Ainsley Martin Creates Whirly-Girls Video
When 16-year-old Ainsley Martin read Contact! Britain! by WG#4 Nancy Livingston Stratford, she was inspired by Nancy’s story about her time as a WWII ferry pilot with its challenges and adventures. Ainsley then looked for similar books and found very few. Having overheard conversations between her mother, Immediate Past President Alison Martin WG #1874, and other Whirly-Girls, she knew that these female helicopter pilots are inspiring, and their stories could excite and motivate youth to investigate aviation. Ainsley decided to make videos in the hope of both capturing the stories of this unique, impressive group and helping youth find out more about aviation. Because a new website video has been near the top of the wish list of the Whirly-Girls Board of Directors for many years, they were excited when Ainsley brought presented her proposal and are delighted to present it here.
This video is one of three created for the Whirly-Girls as part of Ainsley’s Girl Scout Gold Award Project – Collecting Their Stories: The Experiences of Female Helicopter Pioneers. The project’s purpose is to help bring together and inspire viewers to learn more about helicopter aviation and women pilots. This new video showcases current members and some of the benefits of the organization, such as mentoring and camaraderie, and can aid women pilots by allowing them access to the stories of those before them, showing that they aren’t alone in this field, and empowering them to ask for mentoring, help, and advice.
Ainsley explains, “Fewer than 6% of helicopter pilots are women, and their singular perspectives will be lost if they don’t get the opportunity to share them. We are slowly losing the stories of the original pioneers. These are stories of our past that could inspire more girls to pursue STEM. We are still early enough in helicopter history that today’s young female pilots are pioneers as well, with notable narratives that could help younger pilots feel less alone and more comfortable requesting mentorship, increasing their chance of succeeding in a male-dominated industry. By archiving the stories of these amazing women, people who are interested in women’s history and aviation can gain a deeper understanding of why these women chose this path, the challenges they’ve overcome, and maybe be inspired by their stories.”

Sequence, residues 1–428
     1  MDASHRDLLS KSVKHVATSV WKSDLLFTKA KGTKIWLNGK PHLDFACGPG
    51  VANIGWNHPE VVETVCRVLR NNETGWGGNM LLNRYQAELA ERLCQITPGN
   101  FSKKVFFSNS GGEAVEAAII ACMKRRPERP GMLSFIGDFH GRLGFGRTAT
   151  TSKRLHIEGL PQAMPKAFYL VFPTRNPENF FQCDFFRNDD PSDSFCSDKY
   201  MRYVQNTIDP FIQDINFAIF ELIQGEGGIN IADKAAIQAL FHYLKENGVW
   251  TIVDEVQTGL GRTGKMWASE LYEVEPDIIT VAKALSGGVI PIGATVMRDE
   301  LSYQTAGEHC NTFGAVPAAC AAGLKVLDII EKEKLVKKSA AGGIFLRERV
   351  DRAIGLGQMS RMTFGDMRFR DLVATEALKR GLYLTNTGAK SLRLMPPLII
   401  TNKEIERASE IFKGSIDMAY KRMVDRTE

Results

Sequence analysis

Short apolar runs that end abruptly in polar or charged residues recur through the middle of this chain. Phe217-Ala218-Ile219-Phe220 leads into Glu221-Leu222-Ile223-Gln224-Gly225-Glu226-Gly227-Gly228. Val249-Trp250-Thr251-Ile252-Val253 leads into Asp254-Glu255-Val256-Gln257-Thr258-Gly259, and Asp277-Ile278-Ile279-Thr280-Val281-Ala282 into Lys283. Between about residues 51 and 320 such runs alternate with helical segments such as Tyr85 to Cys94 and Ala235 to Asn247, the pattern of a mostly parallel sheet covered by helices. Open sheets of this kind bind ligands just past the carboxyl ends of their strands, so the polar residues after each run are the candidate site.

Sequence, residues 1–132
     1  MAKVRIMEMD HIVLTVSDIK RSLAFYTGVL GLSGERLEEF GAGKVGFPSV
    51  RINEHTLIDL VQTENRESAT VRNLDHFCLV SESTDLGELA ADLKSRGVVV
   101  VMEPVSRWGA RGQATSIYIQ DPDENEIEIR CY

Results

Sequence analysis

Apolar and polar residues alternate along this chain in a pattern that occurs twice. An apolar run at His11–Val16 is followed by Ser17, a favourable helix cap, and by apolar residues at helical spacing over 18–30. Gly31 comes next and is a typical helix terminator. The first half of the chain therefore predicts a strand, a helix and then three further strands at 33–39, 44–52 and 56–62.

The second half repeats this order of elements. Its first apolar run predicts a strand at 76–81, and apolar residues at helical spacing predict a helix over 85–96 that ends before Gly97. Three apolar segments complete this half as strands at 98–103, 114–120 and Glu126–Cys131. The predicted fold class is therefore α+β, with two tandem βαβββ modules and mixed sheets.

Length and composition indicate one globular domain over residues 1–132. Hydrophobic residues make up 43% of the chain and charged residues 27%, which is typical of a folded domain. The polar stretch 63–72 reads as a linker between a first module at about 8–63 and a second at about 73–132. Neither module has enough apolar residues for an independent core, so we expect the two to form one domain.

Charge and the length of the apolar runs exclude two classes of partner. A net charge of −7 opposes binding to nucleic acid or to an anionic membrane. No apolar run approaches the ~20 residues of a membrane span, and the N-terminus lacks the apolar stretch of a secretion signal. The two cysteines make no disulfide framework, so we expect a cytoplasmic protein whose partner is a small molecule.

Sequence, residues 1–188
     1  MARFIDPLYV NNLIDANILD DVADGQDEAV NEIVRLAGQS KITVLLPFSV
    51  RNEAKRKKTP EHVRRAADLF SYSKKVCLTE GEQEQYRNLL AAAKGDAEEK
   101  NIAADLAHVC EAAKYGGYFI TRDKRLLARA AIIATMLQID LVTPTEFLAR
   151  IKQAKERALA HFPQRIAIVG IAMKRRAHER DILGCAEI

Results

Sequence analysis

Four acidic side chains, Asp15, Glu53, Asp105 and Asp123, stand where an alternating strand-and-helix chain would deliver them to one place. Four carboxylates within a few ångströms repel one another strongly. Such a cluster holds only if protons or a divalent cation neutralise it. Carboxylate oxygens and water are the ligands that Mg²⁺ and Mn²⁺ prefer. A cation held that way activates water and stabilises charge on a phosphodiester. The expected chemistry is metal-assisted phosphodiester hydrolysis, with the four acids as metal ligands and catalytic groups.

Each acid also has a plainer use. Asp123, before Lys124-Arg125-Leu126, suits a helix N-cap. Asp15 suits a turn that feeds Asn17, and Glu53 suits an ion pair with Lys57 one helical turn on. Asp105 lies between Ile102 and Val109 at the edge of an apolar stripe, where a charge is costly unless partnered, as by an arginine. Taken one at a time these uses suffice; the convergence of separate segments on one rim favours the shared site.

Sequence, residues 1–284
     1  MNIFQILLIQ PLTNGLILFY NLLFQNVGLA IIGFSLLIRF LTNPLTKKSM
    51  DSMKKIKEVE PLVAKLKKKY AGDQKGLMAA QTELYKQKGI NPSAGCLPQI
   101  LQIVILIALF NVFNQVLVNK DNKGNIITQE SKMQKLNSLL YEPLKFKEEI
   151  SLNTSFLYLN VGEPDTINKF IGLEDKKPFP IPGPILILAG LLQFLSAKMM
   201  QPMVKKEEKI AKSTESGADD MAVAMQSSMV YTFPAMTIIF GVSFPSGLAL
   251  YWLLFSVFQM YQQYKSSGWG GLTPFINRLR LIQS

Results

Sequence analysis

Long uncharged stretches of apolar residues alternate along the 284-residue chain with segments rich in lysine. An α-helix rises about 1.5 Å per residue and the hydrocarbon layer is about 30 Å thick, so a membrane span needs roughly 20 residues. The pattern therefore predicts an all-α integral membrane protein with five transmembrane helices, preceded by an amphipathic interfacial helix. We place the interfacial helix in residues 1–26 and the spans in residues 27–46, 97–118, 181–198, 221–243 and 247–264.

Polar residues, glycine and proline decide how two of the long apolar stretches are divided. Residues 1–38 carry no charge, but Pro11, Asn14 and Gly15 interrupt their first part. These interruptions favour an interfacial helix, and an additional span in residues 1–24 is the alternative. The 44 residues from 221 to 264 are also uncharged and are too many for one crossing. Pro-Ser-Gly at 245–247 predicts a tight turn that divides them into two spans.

For this project, Ainsley visited the Whirly-Girls Annual Meeting and Awards Banquet in Anaheim at HAI HELI-EXPO 2020. She spoke to WG#4 Nancy Livingston Stratford in her home, met Whirly-Girls in hotels and in the convention center, and interviewed members over Zoom. She then compiled the stories to create three themed videos: the one linked here, a youth-oriented presentation for upcoming Give it a Whirl events and classroom presentations, and an edited compilation of the interviews to be held in the Whirly-Girls collection at the Texas Woman’s University (TWU) archives.
“This project was a powerful experience, and I will appreciate it for the rest of my life. From the interviews, I learned about how to succeed in difficult careers, specifically male-dominated fields, and about perseverance, following your passions, thinking ahead, self-confidence, and the importance of supporting each other,” expresses Ainsley. “It was especially interesting to listen to some of the older pilots talk about their experiences. Overall, it was extremely rewarding to see my hard work come together into something that I could be proud of and that would continue to make a difference far into the future. Many girls don’t realize women can be pilots and, the more that we share the stories of female aviators, the more girls will realize that they have the power to fly too.”